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Exile on Main St. was released in 1972, their tenth year as a band and that they made it even that far was remarkable, so their recent 50th anniversary milestone is nothing short of a miracle. Many bands face turbulent lives on the road, but the Rolling Stones had already had their share of misfortune, having been arrested for drugs charges, hosting the notoriously disastrous Altamont music festival, and the death of key member Brian Jones. Most bands would probably have waved the white flag after such a bombardment of wild living and bad luck, but while the Stones' tenacity is to be admired, they were sounding very, very tired by the time this record came out.
Sprawled over two discs, Exile on Main St. is a weary celebration of the music that influenced the group. Here, more than on any other Stones album do they wear their influences on their sleeves. Previous album 'Sticky Fingers' was arguably the zenith of Jagger/Richards songwriting, with 90% of its content contender for hit single status. Here they return to gospel, pure blues and country (without forgetting a bit of rock and roll energy here and there), and when I first heard this record I didn't know it was the Rolling Stones, and it's the only time I've ever thought a bunch of British white boys were black American blues men they sound so close to their rhythm and blues roots.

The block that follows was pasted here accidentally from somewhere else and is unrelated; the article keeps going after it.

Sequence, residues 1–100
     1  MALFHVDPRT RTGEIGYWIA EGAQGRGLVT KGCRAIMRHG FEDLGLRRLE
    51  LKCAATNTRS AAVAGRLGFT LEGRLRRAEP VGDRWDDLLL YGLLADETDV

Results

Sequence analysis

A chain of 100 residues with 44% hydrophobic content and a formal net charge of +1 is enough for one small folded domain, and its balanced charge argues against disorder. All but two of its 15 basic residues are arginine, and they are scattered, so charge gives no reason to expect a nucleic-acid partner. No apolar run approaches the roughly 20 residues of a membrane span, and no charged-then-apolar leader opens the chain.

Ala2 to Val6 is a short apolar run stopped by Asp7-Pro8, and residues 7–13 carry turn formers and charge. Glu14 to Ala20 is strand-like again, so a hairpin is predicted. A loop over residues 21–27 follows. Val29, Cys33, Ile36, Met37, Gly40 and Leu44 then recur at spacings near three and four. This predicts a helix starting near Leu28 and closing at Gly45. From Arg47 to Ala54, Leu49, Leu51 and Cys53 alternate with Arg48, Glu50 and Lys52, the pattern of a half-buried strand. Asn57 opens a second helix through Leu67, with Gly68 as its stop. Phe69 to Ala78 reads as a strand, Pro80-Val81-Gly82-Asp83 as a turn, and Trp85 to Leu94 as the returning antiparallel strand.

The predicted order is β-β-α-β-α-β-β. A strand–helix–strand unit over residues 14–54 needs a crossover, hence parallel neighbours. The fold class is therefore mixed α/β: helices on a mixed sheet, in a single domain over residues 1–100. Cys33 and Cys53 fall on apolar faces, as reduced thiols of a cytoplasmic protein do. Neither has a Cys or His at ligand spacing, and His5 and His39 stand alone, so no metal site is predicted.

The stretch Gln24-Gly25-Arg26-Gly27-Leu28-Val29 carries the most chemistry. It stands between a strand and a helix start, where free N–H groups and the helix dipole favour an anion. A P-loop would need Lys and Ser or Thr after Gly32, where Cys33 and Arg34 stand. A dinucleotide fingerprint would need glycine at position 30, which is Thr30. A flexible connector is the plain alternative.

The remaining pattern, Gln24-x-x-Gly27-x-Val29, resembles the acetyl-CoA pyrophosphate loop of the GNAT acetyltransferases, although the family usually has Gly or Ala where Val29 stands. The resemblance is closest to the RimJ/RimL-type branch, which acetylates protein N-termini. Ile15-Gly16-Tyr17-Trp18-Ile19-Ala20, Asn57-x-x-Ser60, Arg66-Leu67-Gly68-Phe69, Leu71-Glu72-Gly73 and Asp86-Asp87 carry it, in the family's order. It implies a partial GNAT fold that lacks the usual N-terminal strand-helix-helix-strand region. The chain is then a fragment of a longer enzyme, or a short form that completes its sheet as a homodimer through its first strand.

'Rocks Off' does just that. It revs up and hits the road running like a great Stones rock song should, grooving along like 'Bitch'. They don't let up at all on 'Rip This Joint', which has even more energy, and rams in so many American influences into it it's as if they've chopped up the Stars and Stripes and sewn them back together. Fusing New Orleans jazz with bluegrass and rock and roll, in many ways it sums up the album as a whole - it's everything that the Stones embraced. 'Tumbling Dice' closes side one of old, and is the most famous track on here. It's probably also the only song on here which is trademark Stones, with its instantly recognisable hook. It also serves to point out that the rest of 'Exile' is, to all intents and purposes, a rough mix of styles and flavours, without distilling them into hit pop songs. Many critics and fans have hailed this as the definitive Stones album; I'm not so sure. It's the record that defines their influences and roots, in terms of sounds at least. One is almost tempted to call this a covers album of original compositions, if that makes any kind of sense at all. So entrenched is it in visitng the styles the American tapestry of blues, jazz and country artists they admire that they've *almost* forgotten to be themselves in the midst of the sounds they've concocted.